Sukkot 2014: The Jewish Feast of the Tabernacle is one of the most important Jewish holidays of the year.
Sukkot 2014: The Jewish Feast of the Tabernacle is one of the most important Jewish holidays of the year.Reuters

Sukkot, also known as the Jewish Feast of the Tabernacle is one of the most important Jewish observances of the year. It is observed during the week starting on the 15th day of Tishri, which is the first month of the year in the Jewish calendar and the festival lasts for about seven days. 

This year, Sukkot begins in the evening of Wednesday, 8 October, and ends at nightfall on 15 October. 

Here are 5 interesting factsto know about the festival including its history, significance and origin:

1. For the 7 days and nights of the Sukkot, many Jewish families live in a temporary structure called 'Sukkah' from where the name of the festival came. The temporary dwelling with a thatched roof, is usually built in a garden or on a balcony prior to the first day of Sukkot. Two other components of the holiday are inviting guests, or ushpizin, and waiving the "four species," known as the Lulav and Etrog.

2. Sukkot is one of the three holidays mandated in the Bible, and it is also an occasion for which the ancient tribes made a pilgrimage to the Temple in Jerusalem. This holiday is based on the following verse: "Every resident among the Israelites shall live in booths, in order that your (ensuring) generations should know that I had the children of Israel live in booths when I took them out of the land of Egypt" (Leviticus 23:42-43). In practice the temporary dwellings made is a physical representation of the "clouds of glory" that is said to have protected the Israelites as they journeyed through the desert after escaping from Egypt.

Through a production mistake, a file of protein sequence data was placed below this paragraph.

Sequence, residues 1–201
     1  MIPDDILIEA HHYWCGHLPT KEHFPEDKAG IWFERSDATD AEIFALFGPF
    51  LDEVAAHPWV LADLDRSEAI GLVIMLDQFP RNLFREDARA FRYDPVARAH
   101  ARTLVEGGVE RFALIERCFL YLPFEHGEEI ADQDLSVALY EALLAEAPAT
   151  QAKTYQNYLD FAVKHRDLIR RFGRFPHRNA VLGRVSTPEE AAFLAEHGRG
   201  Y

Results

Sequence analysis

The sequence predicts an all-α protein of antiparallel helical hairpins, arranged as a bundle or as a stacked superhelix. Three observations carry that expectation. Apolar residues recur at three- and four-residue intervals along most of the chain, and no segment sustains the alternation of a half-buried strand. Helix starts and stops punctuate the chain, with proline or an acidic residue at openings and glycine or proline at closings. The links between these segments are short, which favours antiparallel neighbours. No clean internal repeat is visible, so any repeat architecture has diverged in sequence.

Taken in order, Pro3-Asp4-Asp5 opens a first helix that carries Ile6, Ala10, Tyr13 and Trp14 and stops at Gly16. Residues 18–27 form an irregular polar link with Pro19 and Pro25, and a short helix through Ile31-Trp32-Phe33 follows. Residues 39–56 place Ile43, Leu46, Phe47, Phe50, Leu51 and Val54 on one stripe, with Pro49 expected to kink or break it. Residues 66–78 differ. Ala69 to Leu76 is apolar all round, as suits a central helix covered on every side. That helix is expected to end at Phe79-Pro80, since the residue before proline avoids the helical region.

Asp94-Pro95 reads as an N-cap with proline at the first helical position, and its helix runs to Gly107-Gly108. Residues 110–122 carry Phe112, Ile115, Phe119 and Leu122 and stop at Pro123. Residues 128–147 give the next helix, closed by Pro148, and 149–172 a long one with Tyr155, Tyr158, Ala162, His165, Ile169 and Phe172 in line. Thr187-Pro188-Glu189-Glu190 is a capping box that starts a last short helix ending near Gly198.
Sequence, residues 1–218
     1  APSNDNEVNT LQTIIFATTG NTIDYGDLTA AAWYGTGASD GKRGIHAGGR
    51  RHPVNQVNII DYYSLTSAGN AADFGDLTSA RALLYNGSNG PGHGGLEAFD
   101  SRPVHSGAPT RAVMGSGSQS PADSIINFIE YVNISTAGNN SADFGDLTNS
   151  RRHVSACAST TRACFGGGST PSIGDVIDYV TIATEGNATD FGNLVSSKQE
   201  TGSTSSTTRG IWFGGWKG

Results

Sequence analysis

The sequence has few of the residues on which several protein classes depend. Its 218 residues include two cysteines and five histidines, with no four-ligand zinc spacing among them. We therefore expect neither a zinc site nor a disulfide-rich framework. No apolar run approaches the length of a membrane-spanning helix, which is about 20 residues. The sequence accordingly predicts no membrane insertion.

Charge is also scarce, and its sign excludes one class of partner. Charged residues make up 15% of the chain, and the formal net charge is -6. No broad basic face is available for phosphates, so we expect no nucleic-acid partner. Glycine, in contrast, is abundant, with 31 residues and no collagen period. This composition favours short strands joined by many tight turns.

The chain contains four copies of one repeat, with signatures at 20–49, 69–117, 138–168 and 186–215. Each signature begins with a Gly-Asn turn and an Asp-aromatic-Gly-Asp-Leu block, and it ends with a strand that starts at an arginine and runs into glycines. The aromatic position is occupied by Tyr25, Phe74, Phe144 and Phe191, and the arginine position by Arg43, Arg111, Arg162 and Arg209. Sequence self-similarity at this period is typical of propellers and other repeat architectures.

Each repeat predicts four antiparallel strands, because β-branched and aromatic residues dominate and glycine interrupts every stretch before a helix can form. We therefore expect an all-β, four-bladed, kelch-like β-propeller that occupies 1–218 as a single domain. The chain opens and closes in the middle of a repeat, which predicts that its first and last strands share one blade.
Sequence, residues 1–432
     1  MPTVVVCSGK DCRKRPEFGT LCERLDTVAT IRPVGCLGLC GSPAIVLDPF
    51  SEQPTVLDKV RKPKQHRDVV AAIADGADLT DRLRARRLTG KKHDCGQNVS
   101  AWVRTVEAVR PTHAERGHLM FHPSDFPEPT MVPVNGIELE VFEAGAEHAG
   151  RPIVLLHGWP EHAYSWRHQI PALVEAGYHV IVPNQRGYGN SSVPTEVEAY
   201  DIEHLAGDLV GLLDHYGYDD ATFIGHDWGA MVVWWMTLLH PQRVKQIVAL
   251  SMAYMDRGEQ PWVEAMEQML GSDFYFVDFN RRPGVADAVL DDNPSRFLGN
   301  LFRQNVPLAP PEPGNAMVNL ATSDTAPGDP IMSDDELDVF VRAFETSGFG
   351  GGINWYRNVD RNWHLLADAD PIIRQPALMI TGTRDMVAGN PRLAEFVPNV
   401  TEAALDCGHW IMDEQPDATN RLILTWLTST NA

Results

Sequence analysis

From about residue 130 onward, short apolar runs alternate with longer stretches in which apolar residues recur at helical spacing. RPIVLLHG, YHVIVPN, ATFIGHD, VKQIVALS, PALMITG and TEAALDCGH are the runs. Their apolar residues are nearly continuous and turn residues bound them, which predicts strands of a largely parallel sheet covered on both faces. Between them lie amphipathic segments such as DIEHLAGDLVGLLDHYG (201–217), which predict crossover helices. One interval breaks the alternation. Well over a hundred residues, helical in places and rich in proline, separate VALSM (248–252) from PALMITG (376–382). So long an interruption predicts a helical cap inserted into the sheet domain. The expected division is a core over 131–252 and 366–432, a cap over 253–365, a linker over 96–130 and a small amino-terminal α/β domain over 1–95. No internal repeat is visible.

3. The commandment related to the four species – the lulav and etrog (palm, willow and myrtle and citron) is also mentioned in chapter 23 of Levitcus: "And you shall take for yourselves on the first day (of Sukkot), the fruit of the harder tree (myrtle), date palm fronds, a branch of a braided tree, and willows of the brook, and you shall rejoice before the Lord your God for a seven day period" (23:40).

4. Welcoming of guests (ushpizin in Aramaic) into the Sukkah is another very important aspect of the holiday. The ushpizin is a collective name for Abraham, Issac, Jacob, Moses, Aaron, Joseph and David and they are said to embody seven different spiritual paths that together would make the creation more beautiful. Abraham taught loving kindness while Isaac represented strength. Jacob shows harmony, while Moses is eternality. Aaron is divine splendour, Joseph is spiritual foundation and David represents sovereignty, the Huffington Post notes citing scriptures.

5. During modern times, Jewish people have developed various unique ways of celebrating the holiday – one of them being the so called "Pedi-Sukkah" -- a mobile Sukkah attached to a cab. People claim they are made to spread awareness of the holiday.